Smashing crates to bring monster attacks to life, or revving chain saws make it seem like the dystopian biker gang on screen is actually wreaking chaos in the theatre, the Filmusik collaborative routinely takes over the Hollywood Theatre with their inventive re-imagings of classic b-movie treasures.
But while their established brand of sensory overload pairs perfectly with extravagant, kitschy 60’s B-movies, it may be a bit gratuitous for older, silent titles. With its new film series entitled Organ Grinders, Filmusik is pulling back on the stunts, returning to the simpler standard of the silent film era: live music. “[Organ Grinders] is harkening back to the original purpose of the movie theatre,” says Producer James Dineen. “Which was to show movies and have live orchestras or musicians playing in the pit. But we’re updating it for this century.” Dineen worked alongside the founder of Filmusik, Galen Huckins, pairing Huckins’ “encyclopedic” knowledge of obscure film with his own special expertise in the local music scene. “Portland is the type of town that can support this weird project, and nobody [was] really showing a lot of silent film.”
Dineen explains his selection process is less about finding a fit for a particular film, and more about choosing artists he feels would benefit from being pushed out of the comfort zone of a regular performance. “Usually, the [artists] I’m working with are used to playing your standard set: do a song, stop; do a song, stop,” Dineen says. “But with a silent film, they have to come up with this constant, ongoing sonic pallet. I try and take bands that don’t really feel like they fit that milieu, to then do this.” Dineen adds that he prefers the artists to choose which films they score, rather than choosing for them, which allows them to open up creatively and have as much fun as possible.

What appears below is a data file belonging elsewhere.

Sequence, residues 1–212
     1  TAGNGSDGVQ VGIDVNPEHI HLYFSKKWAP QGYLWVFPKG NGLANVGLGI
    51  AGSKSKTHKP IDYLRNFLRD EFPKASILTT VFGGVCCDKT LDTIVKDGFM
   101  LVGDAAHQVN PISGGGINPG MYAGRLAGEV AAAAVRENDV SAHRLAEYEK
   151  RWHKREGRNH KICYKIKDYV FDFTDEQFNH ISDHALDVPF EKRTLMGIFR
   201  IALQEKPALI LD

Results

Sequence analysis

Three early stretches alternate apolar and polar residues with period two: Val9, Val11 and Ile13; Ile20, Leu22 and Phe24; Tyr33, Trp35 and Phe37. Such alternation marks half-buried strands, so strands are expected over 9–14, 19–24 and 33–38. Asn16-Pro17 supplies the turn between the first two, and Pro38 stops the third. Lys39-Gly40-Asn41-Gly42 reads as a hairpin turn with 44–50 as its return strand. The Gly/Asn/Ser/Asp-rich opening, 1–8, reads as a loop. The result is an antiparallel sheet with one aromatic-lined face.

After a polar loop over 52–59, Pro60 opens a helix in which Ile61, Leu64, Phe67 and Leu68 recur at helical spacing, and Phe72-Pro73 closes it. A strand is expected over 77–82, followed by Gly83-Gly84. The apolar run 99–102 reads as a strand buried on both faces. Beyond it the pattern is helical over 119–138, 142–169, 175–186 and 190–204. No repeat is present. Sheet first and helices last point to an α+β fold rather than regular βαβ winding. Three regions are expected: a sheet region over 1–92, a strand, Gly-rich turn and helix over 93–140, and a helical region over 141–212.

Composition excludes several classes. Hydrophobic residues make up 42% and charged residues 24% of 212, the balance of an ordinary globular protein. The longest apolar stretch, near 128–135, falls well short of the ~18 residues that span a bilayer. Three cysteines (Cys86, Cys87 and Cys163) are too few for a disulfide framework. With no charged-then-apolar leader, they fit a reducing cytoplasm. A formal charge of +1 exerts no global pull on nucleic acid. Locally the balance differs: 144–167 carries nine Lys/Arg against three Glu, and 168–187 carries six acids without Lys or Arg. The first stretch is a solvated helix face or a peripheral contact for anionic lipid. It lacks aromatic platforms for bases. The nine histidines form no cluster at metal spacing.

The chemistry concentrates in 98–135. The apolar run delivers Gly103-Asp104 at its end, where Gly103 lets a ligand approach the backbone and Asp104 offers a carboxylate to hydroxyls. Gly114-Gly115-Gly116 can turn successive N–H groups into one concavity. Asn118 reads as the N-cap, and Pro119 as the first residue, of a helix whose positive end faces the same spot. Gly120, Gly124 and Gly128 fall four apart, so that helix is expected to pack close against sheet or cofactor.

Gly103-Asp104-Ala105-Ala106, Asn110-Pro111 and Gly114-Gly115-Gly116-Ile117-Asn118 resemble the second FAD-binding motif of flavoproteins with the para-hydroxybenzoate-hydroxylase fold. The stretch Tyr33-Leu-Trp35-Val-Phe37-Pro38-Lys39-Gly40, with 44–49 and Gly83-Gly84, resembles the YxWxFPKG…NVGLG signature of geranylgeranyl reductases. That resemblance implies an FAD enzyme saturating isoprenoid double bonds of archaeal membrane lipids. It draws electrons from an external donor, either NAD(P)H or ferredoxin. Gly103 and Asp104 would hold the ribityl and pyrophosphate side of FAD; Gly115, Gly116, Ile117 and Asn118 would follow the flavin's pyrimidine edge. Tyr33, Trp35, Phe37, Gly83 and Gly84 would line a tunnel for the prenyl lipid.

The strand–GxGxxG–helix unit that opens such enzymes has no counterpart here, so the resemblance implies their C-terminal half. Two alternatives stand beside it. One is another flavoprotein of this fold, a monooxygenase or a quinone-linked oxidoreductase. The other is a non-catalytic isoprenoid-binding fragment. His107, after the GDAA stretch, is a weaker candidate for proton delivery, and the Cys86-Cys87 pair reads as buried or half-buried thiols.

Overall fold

On October 14th, Organ Grinders will present a stop-motion classic: Vladislaw Starewicz’s The Cameraman’s Revenge (1911) , “a story of infidelity as told through the lives of insects.”
Portland instrumental duo Sallo will provide the score for evening. “Sallo wanted to do something very ‘left of center,’ I showed them a couple of options, and they were drawn to The Cameraman’s Revenge,” says Dineen. “If a movie speaks to them and we can use it–great.”
Ordinarily, a century-old stop-motion film starring dead insects is a bit of a hard sell, but Dineen is confident that Portland’s oft-expressed love for the inventive and ground-breakingly weird will draw people in.
“By today’s standards, watching this kind of stop motion animation is sort of–whatever–you can see stuff that is done way better, but this was really groundbreaking stuff for the time. Maybe one other person was doing it at the time,” says Dineen. "This guy really started it all. "
Over the next few months, Organ Grinder has planned an eclectic array of pairings. A November screening of Faust will feature a score by the 1939 Ensemble, featuring Jose Medeles of The Breeders. In January, Boston-based Bent Knees will provide the soundscape to the groundbreaking German Expressionist film The Cabinent of Dr. Calligari. And in February, the Strangled Darlings will accompany the silent vampire masterpiece Nosferatu.